The Cost-Effectiveness of Anemia Treatment for Persons with Chronic Kidney Disease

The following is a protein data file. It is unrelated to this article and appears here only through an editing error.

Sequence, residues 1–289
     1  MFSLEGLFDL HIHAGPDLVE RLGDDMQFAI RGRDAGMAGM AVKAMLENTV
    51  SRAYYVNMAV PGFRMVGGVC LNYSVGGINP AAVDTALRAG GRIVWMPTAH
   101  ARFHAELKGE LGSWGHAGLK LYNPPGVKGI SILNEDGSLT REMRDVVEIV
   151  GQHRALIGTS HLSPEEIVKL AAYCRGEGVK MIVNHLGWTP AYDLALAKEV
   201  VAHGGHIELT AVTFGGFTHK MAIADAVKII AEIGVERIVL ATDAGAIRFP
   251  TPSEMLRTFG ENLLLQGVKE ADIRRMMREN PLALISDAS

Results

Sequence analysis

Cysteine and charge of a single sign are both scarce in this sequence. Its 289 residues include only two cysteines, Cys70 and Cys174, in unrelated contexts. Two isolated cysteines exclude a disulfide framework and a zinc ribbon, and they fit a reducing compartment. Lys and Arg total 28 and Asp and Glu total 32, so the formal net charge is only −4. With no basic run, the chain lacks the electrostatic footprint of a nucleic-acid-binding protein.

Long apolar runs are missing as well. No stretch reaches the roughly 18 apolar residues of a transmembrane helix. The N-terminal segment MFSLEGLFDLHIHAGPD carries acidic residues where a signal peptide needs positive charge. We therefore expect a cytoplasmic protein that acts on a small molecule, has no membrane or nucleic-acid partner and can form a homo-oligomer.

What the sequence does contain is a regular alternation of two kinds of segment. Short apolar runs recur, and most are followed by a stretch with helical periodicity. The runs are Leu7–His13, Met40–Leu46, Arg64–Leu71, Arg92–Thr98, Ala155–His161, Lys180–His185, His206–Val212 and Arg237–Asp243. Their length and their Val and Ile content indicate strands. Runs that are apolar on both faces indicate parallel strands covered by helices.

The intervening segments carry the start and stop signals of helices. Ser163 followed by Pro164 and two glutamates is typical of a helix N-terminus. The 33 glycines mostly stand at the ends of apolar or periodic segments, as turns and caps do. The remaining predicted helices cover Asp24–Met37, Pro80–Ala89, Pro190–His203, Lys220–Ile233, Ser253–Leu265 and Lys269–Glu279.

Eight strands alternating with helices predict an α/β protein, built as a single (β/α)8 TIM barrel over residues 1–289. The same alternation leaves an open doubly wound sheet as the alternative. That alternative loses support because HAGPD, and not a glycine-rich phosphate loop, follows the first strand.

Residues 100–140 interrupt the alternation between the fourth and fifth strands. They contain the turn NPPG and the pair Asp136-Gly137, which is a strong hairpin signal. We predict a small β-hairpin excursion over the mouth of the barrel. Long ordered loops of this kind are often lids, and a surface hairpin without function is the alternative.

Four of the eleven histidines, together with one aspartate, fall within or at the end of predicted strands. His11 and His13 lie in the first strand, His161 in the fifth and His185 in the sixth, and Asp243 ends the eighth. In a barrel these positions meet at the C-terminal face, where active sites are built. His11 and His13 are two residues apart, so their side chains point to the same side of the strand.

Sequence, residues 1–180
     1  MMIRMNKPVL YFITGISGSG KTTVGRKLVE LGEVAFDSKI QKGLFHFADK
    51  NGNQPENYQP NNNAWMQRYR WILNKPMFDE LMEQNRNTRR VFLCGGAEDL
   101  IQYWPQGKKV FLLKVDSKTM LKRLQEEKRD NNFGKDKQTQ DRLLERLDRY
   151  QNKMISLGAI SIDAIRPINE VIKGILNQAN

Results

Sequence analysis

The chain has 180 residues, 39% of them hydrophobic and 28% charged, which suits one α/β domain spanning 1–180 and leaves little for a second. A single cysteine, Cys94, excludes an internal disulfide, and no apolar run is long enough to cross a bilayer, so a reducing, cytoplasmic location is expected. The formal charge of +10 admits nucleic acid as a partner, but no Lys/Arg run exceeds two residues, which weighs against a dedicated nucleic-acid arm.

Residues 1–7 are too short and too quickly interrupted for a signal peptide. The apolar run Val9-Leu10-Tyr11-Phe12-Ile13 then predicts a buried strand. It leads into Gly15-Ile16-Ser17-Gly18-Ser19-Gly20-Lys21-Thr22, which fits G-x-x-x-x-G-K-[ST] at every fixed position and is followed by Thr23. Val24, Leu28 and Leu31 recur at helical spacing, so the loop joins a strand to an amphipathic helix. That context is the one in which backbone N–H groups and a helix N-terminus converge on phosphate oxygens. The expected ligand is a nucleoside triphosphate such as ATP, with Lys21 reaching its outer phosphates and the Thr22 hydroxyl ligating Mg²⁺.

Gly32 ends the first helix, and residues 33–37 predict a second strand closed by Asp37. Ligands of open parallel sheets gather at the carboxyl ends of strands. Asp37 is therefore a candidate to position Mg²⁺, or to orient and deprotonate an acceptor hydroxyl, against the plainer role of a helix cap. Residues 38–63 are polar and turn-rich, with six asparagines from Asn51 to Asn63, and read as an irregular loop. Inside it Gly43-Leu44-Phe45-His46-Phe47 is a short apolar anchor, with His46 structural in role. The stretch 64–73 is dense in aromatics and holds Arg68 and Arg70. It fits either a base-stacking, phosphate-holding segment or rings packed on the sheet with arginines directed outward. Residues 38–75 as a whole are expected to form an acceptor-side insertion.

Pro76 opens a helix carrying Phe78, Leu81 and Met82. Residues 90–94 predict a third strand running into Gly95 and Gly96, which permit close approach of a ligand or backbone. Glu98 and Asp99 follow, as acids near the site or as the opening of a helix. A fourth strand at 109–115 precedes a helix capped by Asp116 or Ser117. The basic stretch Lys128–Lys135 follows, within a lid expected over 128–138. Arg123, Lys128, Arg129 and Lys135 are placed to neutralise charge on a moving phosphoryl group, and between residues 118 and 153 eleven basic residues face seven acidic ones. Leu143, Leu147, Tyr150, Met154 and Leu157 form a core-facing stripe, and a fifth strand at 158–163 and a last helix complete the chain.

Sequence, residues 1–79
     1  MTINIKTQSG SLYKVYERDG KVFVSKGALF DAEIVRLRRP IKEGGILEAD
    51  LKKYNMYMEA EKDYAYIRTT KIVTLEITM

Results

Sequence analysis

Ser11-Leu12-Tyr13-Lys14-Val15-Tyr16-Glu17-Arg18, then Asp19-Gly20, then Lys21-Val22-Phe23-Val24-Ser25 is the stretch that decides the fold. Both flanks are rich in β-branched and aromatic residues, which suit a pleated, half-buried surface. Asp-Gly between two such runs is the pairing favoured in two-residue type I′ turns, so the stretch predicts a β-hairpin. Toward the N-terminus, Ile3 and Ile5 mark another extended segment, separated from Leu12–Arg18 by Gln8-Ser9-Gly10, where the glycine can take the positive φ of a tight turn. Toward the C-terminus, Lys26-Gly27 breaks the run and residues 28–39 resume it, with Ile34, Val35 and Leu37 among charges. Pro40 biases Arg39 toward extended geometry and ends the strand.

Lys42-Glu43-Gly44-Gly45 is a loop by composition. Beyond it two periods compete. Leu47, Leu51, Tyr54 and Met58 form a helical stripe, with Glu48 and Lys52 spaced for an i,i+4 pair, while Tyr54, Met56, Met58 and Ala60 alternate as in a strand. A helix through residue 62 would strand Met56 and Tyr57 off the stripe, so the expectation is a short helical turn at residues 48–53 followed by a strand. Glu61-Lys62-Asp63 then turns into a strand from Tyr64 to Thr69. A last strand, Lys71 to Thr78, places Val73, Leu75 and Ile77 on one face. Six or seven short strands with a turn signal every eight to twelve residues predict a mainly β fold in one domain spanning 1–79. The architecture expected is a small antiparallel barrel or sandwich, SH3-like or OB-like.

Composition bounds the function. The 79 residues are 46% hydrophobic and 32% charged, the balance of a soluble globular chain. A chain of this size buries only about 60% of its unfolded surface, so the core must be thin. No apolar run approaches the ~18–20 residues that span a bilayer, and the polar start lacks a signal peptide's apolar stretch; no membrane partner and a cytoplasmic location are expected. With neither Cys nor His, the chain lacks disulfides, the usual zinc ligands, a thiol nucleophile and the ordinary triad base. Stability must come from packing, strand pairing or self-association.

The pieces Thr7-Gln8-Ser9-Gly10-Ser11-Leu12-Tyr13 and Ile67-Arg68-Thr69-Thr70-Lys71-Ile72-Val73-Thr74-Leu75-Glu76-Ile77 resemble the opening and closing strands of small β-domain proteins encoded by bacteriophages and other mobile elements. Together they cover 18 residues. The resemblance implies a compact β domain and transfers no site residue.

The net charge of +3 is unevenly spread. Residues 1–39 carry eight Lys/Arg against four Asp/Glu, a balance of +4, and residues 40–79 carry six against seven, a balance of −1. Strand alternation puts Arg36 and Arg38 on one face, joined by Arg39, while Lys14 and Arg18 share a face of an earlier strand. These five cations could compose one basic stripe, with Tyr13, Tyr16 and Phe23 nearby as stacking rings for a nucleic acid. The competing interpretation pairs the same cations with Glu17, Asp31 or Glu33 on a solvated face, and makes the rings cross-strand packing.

BACKGROUND: Although major guidelines uniformly recommend iron supplementation and erythropoietin stimulating agents (ESAs) for managing chronic anemia in persons with chronic kidney disease (CKD), there are differences in the recommended hemoglobin (Hb) treatment target and no guidelines consider the costs or cost-effectiveness of treatment. In this study, we explored the most cost-effective Hb target for anemia treatment in persons with CKD stages 3-4. METHODS AND FINDINGS: The CKD Health Policy Model was populated with a synthetic cohort of persons over age 30 with prevalent CKD stages 3-4 (i.e., not on dialysis) and anemia created from the 1999-2010 National Health and Nutrition Examination Survey. Incremental cost-effectiveness ratios (ICERs), computed as incremental cost divided by incremental quality adjusted life years (QALYs), were assessed for Hb targets of 10 g/dl to 13 g/dl at 0.5 g/dl increments. Targeting a Hb of 10 g/dl resulted in an ICER of $32,111 compared with no treatment and targeting a Hb of 10.5 g/dl resulted in an ICER of $32,475 compared with a Hb target of 10 g/dl. QALYs increased to 4.63 for a Hb target of 10 g/dl and to 4.75 for a target of 10.5 g/dl or 11 g/dl. Any treatment target above 11 g/dl increased medical costs and decreased QALYs. CONCLUSIONS: In persons over age 30 with CKD stages 3-4, anemia treatment is most cost-effective when targeting a Hb level of 10.5 g/dl. This study provides important information for framing guidelines related to treatment of anemia in persons with CKD.